And Ten­nen­t’s Lager did.

BWOASA: Marble Barley Wine from a dusty old can

One of the good things about this little project has been the nudge to go to different places, such as Mother Kelly’s in Bethnal Green.

Though we still think of it as that new bar we must get to at some point, it turns out to be five years old, and now part of a sub­stan­tial chain. Time slips away.

We had formed the idea, per­haps based on murky social media pho­tos, that it was a small, dark space on the cor­ner of a back street. In fact, it’s in a large rail­way arch with a decent beer gar­den and, on a sun­ny April after­noon at least, per­fect­ly airy and bright.

Though Moth­er Kel­ly’s does have draught beer, its sell­ing point is real­ly the wall of fridges on the cus­tomer side, packed with intrigu­ing beers from sought after brew­eries. We fig­ured there might be at least one bar­ley wine lurk­ing in there.

There were three, but they took a while to find, dur­ing which squint­ing, bent-backed hunt we con­clud­ed that fan­cy pack­ag­ing designs and quirky names are great and all that but they don’t half make it a chal­lenge to work out what you’re buy­ing.

We chose the cheap­est of the three at a drink-in price of £12 for 440ml. It was the 2017 vin­tage of Mar­ble’s won­der­ful­ly clear­ly-named 12.4% bar­ley wine, BARLEY WINE. Being an antique, the can had spots of rust across its top, and crumbs and dust, so we asked for a quick clean up before pour­ing. We got it, albeit grudg­ing­ly – maybe a bit of filth on your tin­ny is con­sid­ered all part of the fun these days?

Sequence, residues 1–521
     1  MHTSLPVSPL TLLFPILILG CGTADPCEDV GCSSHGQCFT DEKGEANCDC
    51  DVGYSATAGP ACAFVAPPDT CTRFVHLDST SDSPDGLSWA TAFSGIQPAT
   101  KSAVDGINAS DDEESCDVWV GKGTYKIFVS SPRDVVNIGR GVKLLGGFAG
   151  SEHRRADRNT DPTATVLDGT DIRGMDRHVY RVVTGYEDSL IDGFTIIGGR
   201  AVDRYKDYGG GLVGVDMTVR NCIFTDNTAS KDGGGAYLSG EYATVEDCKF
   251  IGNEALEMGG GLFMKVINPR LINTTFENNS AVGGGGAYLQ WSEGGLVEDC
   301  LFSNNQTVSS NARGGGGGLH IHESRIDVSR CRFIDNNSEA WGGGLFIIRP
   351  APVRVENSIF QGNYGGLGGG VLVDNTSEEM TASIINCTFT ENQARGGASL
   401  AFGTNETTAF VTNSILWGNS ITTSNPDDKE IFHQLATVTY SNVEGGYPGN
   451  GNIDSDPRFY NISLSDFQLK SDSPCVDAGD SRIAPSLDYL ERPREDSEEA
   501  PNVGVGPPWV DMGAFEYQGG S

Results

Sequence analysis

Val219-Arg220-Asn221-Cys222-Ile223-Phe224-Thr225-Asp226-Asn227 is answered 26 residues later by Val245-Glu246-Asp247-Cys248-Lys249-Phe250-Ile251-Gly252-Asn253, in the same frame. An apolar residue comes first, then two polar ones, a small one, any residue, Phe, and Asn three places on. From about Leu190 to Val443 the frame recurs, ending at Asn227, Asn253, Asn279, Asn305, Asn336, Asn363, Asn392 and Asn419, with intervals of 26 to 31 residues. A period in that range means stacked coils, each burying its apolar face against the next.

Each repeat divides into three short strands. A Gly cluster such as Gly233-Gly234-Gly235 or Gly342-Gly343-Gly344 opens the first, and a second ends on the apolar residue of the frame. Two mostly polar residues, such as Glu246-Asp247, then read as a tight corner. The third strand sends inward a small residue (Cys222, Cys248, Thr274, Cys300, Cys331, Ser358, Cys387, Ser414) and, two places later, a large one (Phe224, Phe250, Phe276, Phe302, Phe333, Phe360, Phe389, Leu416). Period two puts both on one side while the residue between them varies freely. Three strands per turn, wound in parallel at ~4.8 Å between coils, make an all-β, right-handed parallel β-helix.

Marble Barley Wine in the glass.

Sit­ting down to drink a beer that you already resent is a good test of qual­i­ty. Any irri­ta­tion we felt in this case passed the moment we tast­ed it, which real­ly was fan­tas­tic – almost, maybe, per­haps £6‑per-nip good.

It seemed pos­i­tive­ly lumi­nous in the dain­ty glass­ware, cycling orange, red and gold depend­ing how the light struck it. The con­di­tion was also excel­lent prov­ing that cans can work for this kind of beer.

Between appre­cia­tive purring, we talked it over: on the one hand, it did rather resem­ble Gold Label, but it also remind­ed us of a very par­tic­u­lar beer: an attempt to recre­ate Bal­lan­tine IPA using Clus­ter hops. Rasp­ber­ry jam, mar­malade, chewy syrup sweet­ness, clean-tast­ing and dou­ble-bass res­o­nance. Just won­der­ful.